Thursday, September 08, 2011

Signs of a developing positive Indian Ocean Dipole (IOD) event

Amid growing signs of a developing positive Indian Ocean Dipole (IOD) event, global weather models have warned about the possibility of continued heavy rain over western India for two more weeks.
This is even as the European Centre for Medium-Range Weather Forecasts saw the next low-pressure area to materialise over south-west and adjoining west-central Bay of Bengal by mid-week next week.
An IOD event refers to the seesawing of sea-surface temperatures (SSTs) in the western and eastern basins of the Indian Ocean.


The IOD is positive when the warmth is more to the west, and vice versa. SSTs are expected to stay at enhanced levels during the period until September 20. A positive IOD event has been seen to boost a concurrent Indian monsoon.
The US National Centres for Environmental Prediction suggests that rains could get heavier towards east India during the latter part of the period, and even going until September 23.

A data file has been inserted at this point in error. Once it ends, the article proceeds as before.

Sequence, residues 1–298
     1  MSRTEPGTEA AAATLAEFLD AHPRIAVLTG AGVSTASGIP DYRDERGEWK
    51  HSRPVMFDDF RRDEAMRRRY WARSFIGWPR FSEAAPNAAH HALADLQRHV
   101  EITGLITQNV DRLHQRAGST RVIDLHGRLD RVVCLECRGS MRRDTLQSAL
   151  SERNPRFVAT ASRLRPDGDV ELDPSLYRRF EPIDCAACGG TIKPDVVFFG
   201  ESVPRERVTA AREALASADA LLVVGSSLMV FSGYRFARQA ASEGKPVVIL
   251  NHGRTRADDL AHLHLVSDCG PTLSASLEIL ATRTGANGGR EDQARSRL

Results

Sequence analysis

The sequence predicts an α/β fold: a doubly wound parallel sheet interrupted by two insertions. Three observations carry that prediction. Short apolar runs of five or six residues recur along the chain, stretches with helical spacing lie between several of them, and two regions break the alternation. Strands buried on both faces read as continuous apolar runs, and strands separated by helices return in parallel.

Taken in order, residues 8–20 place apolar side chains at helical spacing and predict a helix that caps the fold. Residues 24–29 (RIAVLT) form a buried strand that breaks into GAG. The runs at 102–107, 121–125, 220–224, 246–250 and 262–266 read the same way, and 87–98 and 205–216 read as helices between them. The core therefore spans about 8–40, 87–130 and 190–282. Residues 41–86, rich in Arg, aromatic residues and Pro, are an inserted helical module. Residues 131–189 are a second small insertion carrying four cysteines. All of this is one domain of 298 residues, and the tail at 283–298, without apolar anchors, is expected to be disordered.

Combined with a suspected La Nina event in the making, which is a magnified mock-up of the Indian Ocean event in the larger Pacific Ocean, the positive IOD would only add to the intensity of the precipitation.


A La Nina-positive IOD combine was witnessed during the years of 2006 to 2008, a rarity in itself, and which underpinned normal to moderately surplus Indian monsoon.
The Climate Prediction Centre of the US National Weather Services says in its latest outlook that the monsoon flows are likely to stay enhanced during the next two weeks.
During week-1 (September 7 to13), this would trigger enhanced rainfall in western India, the Bay of Bengal, Southeast Asia, and the South China Sea. This is attributed mainly to above average SSTs in the western equatorial Indian Ocean.


During week-2 (September 14 to 20), model guidance and above average sea surface temperatures favour enhanced convection in the western Indian Ocean.
But the rains are seen covering more area during this week, with monsoon flow expected to remain enhanced across most of India (including the peninsula), the Bay of Bengal, and parts of South-east Asia. 


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